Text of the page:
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Pastor Who Prayed For Trump: I Was At ‘Increased Security Risk’

"I made some other people mad."

US President Donald Trump shakes hands with Pastor David Platt as he visits McLean Bible Church in Vienna, Virginia on June 2, 2019, to pray for the victims and community of Virginia Beach.
JIM WATSON / Contributor / Getty Images
 

A pastor's decision to pray for President Trump in front of his congregation said his action left him at an "increased security risk."

 

Last week, pastor David Platt of a Northern Virginia megachurch made a decision to pray for President Trump during a surprise visit.

"I was immediately called backstage and told that the president of the United States was on his way to the church, would be there in a matter of minutes, and would like for us to pray for him,” Platt wrote on the congregation's website. "I immediately thought about my longing to guard the integrity of the gospel in our church."

Platt made it clear in the same blog post that he did not endorse President Trump by praying for him, saying it stemmed from 1 Timothy 2:1-6. "My aim was in no way to endorse the president, his policies, or his party, but to obey God’s command to pray for our president and other leaders to govern in the way this passage portrays," he said.

According to Fox News, Platt later said at a Southern Baptist pastor's conference this past Sunday that his security was severely threatened just by praying for the president.

"I somehow managed to be labeled in Washington both a far-right-wing conservative and a far-left-wing liberal in less than 24 hours," Platt said at the conference. "That is not easy to do."

 

Platt said that his decision to pray for the president delighted some people while angering others. He has since opted for meekness by listening to those who disagree with him rather than defending himself.

"Sunday, a week ago, I made a lot of people glad with the decision I made, and I made some other people mad. So you know what I did? I turned around Monday and I took the people who were glad and made them mad," he said. "Albeit, unintentionally, I successfully ensured that no one would be happy with me."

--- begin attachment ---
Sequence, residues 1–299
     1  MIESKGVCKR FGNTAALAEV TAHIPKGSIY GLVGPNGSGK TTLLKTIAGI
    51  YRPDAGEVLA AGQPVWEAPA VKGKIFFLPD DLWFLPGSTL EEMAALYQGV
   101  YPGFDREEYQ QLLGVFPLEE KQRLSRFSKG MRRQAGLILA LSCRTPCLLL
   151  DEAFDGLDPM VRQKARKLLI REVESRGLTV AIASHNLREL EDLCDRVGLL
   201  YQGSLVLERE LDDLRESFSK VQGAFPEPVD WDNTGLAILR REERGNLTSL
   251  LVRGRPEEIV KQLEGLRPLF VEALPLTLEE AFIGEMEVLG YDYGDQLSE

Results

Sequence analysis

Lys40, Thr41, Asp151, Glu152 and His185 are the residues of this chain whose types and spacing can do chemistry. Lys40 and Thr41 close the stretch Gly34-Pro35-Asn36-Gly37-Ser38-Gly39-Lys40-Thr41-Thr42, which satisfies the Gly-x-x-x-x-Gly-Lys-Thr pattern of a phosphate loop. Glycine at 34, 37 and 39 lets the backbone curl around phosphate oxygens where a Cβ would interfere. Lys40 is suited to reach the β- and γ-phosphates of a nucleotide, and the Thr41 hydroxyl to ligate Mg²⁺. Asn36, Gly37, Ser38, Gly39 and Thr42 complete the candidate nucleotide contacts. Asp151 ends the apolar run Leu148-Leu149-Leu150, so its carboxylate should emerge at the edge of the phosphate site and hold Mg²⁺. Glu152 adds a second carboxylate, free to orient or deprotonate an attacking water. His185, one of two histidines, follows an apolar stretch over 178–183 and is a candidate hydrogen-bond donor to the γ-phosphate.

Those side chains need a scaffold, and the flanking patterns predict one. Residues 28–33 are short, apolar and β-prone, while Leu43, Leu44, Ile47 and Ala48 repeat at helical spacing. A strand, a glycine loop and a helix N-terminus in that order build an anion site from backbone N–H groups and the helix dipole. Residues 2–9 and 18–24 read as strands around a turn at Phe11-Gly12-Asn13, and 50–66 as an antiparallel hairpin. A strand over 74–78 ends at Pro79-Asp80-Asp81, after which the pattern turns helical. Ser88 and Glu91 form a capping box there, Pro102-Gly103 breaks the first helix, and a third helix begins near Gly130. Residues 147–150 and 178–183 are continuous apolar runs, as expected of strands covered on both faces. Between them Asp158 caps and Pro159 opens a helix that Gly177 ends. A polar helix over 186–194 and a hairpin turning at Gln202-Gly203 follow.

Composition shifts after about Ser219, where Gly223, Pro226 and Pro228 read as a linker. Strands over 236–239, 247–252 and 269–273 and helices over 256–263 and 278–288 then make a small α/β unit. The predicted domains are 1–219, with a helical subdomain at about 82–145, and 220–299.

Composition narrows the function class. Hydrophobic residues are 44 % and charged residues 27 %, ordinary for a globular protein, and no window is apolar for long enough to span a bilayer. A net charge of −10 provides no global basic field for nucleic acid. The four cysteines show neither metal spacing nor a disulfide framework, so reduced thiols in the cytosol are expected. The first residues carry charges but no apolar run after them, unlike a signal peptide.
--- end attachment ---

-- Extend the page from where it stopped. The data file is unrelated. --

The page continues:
"If you don't ever have conversations with Bible-believing Christians who have different views on politics and on positions that you hold, including people who might not think it wise to bring the president on stage in a church gathering, meekness may mean humbly expanding your listening to people who aren't just like you," he continued.

 

On a more theological note, Christians generally believe that every person deserves prayer, regardless of their sinfulness or station in life. That is why even some of the most conservative of Christians prayed specifically for Hillary Clinton throughout the 2016 election.

The supposed controversy over Platt's decision to pray for the president recalls a story out of Pasadena following the 2016 election where a notoriously left-wing Episcopal church ("All Saints") specifically opted to avoid praying for President Trump by name in fear that its very utterance would trigger members of the congregation into a mental breakdown.

"We are in a unique situation in my lifetime where we have a president-elect whose name is literally a trauma trigger to some people – particularly women and people who, because of his words and actions, he represents an active danger to health and safety,” All Saints Church Rector Mike Kinman said at the time. "Whereas before we prayed for ‘Barack, our president,’ we are now praying for ‘our president, our president-elect, and all others in authority.’ This practice will continue for at least the near future."

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